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The Revolutionary Career of Maximilien Robespierre by David P. Jordan

This would have been one among the books Maximilien Robespierre would have chosen as an acceptable biography of himself, according him his rightful place in history. It is disturbing that so many readers of this book expressing their views in praise this idealized biography, once again reinterpreting the career of the authoritarian despot, who systematically guillotined those not sharing his sterile, cold-as-steel view of the world. Jordan’s version of Robespierre’s biography is a slanted, utopian vision of the world, according to L’Incorruptible, Robespierre, judging him by his writings rather than by his well known treacherous and sanguinary deeds and the toll they took on France from 1789-1794, particularly 1793-1794.

This is accomplished because Robespierre has been judged by the author by his lofty-sounding words and “noble” ideals expressed in his writings and his expressed intention to transform the ancien régime into the Republic of Virtue. The fact that Robespierre, the Incorruptible, the “Representative of the People,” helped demolish the ancien régime, through unspeakable violence only to bring misery and suffering and the blood and horror of the Reign of Terror, is not directly addressed.

Jordan writes: “I have not here attempted a biography of Robespierre but have written perhaps a species of biography, intellectual biography. I have laid heavy stress on his words” [Emphasis added; p. 10].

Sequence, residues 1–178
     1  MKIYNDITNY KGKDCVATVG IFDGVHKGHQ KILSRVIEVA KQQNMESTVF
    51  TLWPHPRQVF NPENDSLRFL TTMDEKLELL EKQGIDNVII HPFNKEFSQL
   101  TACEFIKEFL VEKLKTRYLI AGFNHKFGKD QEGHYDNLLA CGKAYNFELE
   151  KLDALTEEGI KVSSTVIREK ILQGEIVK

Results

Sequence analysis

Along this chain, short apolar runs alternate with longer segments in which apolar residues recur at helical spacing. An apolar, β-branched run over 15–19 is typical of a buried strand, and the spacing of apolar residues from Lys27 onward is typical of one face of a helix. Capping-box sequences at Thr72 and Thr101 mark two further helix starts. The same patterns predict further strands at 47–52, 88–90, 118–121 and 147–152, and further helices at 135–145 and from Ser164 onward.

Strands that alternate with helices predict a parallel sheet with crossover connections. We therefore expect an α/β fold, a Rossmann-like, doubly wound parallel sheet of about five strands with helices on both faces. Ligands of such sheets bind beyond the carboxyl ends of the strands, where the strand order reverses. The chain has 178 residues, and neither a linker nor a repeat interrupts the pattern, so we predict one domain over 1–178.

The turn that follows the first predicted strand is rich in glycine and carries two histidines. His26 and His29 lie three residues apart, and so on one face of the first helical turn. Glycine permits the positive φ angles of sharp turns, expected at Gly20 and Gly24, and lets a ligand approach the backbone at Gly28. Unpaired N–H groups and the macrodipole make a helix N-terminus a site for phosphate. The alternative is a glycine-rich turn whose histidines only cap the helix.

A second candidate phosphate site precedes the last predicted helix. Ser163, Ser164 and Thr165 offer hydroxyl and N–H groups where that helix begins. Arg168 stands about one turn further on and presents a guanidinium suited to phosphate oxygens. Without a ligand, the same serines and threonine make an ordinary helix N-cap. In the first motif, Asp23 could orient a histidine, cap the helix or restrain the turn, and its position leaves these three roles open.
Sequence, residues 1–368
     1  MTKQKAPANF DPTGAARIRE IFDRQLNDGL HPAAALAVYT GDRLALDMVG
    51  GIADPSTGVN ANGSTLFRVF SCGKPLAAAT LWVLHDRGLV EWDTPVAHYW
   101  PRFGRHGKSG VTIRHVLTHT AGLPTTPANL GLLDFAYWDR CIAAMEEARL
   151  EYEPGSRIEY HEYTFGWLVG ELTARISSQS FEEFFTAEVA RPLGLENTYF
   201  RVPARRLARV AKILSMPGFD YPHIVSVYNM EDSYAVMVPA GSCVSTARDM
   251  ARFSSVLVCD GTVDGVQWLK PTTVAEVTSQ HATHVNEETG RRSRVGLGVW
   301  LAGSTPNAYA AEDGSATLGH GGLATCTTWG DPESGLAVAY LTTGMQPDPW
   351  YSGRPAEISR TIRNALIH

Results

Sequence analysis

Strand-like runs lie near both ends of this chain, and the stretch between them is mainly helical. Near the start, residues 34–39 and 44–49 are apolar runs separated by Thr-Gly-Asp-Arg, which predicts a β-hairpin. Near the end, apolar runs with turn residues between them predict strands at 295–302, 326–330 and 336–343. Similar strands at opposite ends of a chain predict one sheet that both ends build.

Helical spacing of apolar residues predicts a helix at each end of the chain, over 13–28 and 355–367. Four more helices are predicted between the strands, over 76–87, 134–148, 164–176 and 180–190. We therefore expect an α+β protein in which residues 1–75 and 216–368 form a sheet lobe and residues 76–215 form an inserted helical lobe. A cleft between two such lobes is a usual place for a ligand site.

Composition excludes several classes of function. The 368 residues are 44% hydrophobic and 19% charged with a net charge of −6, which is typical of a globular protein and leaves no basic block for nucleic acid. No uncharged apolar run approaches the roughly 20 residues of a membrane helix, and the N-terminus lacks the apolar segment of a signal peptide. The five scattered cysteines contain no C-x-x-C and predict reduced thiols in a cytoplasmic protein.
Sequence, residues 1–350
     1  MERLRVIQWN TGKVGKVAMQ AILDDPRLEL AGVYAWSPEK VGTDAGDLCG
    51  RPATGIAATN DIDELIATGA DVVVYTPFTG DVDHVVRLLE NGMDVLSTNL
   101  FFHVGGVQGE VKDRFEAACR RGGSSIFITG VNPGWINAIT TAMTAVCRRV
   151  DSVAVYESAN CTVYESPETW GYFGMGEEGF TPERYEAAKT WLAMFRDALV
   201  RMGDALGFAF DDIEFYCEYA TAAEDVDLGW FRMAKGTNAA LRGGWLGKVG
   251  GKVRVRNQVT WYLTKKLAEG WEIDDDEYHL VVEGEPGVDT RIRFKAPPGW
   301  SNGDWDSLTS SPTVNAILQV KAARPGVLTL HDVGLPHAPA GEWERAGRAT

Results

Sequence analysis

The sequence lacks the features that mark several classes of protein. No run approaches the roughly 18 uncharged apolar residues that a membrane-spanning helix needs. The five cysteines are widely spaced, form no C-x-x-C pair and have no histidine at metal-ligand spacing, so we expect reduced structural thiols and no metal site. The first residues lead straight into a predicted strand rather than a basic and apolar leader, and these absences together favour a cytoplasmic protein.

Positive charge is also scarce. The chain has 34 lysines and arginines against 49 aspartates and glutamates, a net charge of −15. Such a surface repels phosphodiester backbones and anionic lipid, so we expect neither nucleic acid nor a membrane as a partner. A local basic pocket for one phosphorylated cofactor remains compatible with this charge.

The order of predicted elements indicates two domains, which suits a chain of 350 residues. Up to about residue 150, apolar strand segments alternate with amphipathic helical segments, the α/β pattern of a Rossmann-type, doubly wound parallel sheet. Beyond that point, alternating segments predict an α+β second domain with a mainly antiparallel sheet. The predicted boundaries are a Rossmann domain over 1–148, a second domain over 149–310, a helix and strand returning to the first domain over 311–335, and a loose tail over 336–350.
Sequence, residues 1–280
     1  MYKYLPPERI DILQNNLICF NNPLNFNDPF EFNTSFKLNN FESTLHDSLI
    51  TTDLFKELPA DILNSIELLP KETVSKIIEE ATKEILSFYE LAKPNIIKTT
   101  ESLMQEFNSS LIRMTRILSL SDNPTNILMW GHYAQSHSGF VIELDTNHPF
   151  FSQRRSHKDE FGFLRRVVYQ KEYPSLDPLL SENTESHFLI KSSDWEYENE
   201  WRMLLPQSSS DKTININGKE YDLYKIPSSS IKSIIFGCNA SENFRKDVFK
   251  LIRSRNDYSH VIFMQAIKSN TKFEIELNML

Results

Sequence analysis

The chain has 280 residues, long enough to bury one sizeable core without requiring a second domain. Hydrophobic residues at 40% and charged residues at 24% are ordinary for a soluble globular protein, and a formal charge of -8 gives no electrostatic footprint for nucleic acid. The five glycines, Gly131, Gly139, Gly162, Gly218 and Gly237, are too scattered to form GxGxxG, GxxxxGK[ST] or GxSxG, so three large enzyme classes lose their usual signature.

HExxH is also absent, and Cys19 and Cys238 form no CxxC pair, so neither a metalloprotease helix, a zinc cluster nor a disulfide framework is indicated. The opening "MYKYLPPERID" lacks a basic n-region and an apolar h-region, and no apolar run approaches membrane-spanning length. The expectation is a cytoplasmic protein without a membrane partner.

By this appraisal, Jordan admits he relies on Robespierre written words, rather than the tyrant’s personal influence or his overt or covert actions in the French Revolution. In doing so, he has written about an idealized French Revolution, which, like Plato’s Republic, is depicted the way it should have been, and not, like Aristotle observed, the world as it really was.

Jordan thus admits, “I have, as one must when dealing with evidence of a literary kind, taken Robespierre at his word.” So in effect, the Voice of Virtue of Robespierre’s collective works, Oeuvres complètes, speaks through the author to the reader — just the way Robespierre wanted to be heard down the ages of history, as opposed to what he actually did (i.e., commissions as well as omissions), intrigued, and plotted, as the center figure of the French Revolution. What Robespierre actually did or did not do is important because even though he presided over the Reign of Terror, Robespierre also contributed significantly in driving the Revolution down the path of radicalism and violence, in the preceding years (1789-1793).

Jordan, like many present day academicians with a penchant for collectivism and egalitarianism (with the concomitant and necessary authoritarianism that is necessary to achieve the “lofty” goals of a forced equality), is enamored of Robespierre, his regimented vision of the world and the leveling of society at any cost. This requires the adoption of Robespierre’s own intellectual views and the author’s revised vision of the French Revolution.

Jordan explains, “What we forget is that Robespierre was a man transformed, purified in the heat of the Revolution, which melted away the old flesh to expose the new spirit. His was a destiny rather than a life” (p. 8). Alas, it seems the author is trying to achieve the apotheosis of a tyrant!